“Restaurants create more noise than most other locations, with a lot of metal tools, pans and devices. In the customer spaces there is air conditioning, coolers for drinks, ice makers, and coffee machines. Collectively these produce a noise floor before a single customer enters. On top of this noise floor is overlaid the noise of eating – cutlery, crockery and conversation – which gets louder and louder due to the Lombard effect: a spiral in which everyone speaks louder to be heard over everyone else, inevitably resulting in the whole room bellowing. Add to this the trend for open-plan spaces with no physical barrier between the kitchen and the diners, and you have a cacophony just waiting to happen.”
Acoustic treatment of the dining area is the starting point for any restaurant and can most easily be undertaken during the building of a restaurant or during refurbishments. Treasure’s advice is to “involve an acoustician right from the start and to think about the kind of environment you want to create. In particular, the ceiling and the floor: these are large surface areas that have a massive effect on the way a space sounds.”
Acoustic simulation and modelling aid the design process considerably, in deciding speaker layout and set-up, but are expensive to undertake and require that all the architectural components are identified and specified early in the process. Not all customers are willing to pay for this kind of approach.
Shape and size
Structure and shape of the restaurant area can have considerable impact. “Modern restaurant design tends toward minimalism with smooth clean surfaces and lines in rectangular shaped rooms with low ceilings,” explains Richard Vivian, managing director of Big Sky Acoustics. “This is often the worst possible design for controlling sound: smooth, parallel walls, hard, undressed tables and glass reflect sound and increase reverberation times. There is often little, or no, soft furnishing to absorb the sound and uncarpeted floors mean there is a reflective surface parallel to the ceiling as well as increased noise from furniture being moved across hard surfaces and footfall noise. Fortunately, there are some steps that can be taken to control sound reflection, such as breaking flat surfaces with three-dimensional features, avoiding parallel walls, and installing acoustic panels on walls and ceilings.”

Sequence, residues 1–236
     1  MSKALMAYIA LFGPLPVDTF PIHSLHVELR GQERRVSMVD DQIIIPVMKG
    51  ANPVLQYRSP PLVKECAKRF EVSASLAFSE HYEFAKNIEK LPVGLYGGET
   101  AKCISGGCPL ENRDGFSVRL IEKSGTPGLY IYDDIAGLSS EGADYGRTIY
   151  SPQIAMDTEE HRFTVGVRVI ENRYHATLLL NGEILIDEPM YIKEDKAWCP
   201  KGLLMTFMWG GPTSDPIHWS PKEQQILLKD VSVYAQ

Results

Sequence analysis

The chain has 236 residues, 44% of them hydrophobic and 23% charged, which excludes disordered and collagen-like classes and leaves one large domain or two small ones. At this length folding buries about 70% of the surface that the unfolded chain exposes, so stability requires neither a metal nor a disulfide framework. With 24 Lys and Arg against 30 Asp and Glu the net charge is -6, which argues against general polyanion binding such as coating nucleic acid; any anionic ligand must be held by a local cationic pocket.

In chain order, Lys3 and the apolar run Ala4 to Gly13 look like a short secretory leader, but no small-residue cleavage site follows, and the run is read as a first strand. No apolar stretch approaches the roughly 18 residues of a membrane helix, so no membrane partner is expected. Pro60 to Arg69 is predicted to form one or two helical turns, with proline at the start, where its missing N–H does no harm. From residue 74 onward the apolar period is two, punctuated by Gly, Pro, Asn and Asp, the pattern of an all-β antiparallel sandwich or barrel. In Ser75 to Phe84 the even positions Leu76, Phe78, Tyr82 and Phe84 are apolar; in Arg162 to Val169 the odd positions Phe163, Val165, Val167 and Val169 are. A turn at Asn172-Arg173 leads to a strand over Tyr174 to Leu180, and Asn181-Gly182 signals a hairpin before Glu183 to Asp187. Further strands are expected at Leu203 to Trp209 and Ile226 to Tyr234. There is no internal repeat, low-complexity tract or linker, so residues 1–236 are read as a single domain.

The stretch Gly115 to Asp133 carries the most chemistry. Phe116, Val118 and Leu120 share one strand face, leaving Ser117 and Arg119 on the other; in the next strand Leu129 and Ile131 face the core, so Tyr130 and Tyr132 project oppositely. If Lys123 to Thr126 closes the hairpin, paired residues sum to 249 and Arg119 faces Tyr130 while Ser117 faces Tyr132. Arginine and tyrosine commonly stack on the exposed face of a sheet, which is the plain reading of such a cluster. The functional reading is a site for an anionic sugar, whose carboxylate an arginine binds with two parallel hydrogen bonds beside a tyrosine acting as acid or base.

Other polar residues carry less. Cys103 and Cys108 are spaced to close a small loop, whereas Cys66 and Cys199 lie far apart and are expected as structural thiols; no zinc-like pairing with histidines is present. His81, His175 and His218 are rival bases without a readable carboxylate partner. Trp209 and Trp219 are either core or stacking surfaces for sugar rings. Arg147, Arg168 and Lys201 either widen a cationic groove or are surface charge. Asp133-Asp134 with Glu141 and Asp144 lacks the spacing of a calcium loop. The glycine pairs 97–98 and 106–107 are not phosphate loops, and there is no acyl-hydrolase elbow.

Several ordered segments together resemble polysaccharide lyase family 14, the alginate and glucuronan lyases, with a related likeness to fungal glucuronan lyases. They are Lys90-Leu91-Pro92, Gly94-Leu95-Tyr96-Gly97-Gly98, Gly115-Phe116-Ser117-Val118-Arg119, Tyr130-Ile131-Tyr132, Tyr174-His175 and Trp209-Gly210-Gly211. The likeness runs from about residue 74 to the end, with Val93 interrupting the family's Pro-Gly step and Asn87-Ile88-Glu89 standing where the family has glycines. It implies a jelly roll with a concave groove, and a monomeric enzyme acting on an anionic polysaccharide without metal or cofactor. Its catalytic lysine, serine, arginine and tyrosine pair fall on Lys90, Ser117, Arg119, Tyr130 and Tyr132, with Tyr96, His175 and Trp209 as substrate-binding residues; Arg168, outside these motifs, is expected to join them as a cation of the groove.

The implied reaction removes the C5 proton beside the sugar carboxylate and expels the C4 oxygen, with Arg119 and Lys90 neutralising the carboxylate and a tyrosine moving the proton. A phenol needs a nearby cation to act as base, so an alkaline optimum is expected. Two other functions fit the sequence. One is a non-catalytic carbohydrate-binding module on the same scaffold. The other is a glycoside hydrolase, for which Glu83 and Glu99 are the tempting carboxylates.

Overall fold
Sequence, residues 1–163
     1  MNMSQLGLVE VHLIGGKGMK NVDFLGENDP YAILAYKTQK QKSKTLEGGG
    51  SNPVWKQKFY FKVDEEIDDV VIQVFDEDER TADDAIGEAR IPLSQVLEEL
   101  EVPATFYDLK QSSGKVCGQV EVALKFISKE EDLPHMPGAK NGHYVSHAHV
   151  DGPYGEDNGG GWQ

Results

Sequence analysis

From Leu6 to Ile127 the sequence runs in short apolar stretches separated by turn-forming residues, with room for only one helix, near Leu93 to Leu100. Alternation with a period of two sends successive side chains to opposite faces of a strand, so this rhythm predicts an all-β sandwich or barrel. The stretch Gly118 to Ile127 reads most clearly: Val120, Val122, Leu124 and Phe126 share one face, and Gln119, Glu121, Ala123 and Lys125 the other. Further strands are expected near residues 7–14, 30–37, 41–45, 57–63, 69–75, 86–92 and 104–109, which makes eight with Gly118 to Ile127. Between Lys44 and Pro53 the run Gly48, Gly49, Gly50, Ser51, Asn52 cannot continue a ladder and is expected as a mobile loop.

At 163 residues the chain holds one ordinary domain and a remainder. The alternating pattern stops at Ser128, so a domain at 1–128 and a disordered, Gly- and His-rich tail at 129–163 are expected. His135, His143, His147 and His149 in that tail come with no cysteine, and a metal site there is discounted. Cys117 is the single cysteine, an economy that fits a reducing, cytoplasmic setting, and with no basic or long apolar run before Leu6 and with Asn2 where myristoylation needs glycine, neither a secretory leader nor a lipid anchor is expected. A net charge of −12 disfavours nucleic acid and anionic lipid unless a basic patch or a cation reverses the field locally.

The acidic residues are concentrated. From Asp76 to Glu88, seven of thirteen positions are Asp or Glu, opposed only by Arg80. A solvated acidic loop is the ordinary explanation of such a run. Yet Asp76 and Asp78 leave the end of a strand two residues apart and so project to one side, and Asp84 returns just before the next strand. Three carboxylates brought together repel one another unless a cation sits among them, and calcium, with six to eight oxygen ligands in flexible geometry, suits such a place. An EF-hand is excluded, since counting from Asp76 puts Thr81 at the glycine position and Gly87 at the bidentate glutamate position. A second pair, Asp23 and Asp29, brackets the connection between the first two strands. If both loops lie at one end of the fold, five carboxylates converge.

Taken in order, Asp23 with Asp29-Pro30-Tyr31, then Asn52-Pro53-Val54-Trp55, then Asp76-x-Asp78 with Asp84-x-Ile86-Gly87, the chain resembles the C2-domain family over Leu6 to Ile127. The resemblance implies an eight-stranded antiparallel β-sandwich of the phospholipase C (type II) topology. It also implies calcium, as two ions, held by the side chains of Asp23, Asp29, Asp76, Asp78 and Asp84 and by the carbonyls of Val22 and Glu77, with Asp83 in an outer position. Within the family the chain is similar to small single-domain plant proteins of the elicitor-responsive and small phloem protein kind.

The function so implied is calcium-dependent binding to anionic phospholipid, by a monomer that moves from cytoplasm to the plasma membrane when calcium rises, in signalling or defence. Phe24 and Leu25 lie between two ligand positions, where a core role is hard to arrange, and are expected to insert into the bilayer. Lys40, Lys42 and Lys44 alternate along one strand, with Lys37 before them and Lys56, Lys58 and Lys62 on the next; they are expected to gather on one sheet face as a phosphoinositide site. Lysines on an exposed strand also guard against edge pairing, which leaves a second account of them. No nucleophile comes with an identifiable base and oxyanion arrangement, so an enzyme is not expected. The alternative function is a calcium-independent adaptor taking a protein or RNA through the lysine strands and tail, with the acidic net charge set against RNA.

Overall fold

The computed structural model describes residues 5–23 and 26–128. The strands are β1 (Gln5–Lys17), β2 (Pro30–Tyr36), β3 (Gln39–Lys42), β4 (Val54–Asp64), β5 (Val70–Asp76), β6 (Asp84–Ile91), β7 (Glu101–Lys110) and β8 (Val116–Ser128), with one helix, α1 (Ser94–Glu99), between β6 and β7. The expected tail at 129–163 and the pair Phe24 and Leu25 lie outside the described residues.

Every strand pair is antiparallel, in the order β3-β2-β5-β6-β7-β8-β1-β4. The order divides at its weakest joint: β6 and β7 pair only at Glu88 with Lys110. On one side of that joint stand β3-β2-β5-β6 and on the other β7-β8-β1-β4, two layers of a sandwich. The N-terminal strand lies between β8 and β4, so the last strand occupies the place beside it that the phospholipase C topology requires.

Peter Kellet, director of Viba Sound, is very clear on one particularly critical aspect: “The most important element of restaurant design, one that no designers seem to understand, is that the ceiling should always be at least two layers of plasterboard.”
Sound-absorbing materials can also be applied flat surfaces; some of which are available as spray-on treatments. “We supply a range of acoustic decorative finishes that can be sprayed and trowelled to produce any surface finish from completely smooth to highly textured,” explains Ben Hancock, director of Oscar Acoustics. “Unless you have a particularly tall and narrow space, it is usually only necessary to apply the acoustic finishes to the ceiling, which also prevents damage to them.” These products are highly effective but do require specialist installation and application. Another company, Armstrong Ceilings, makes special acoustic ceiling products which, according to Treasure, look as good as they sound.
Picture: Nadia Andreini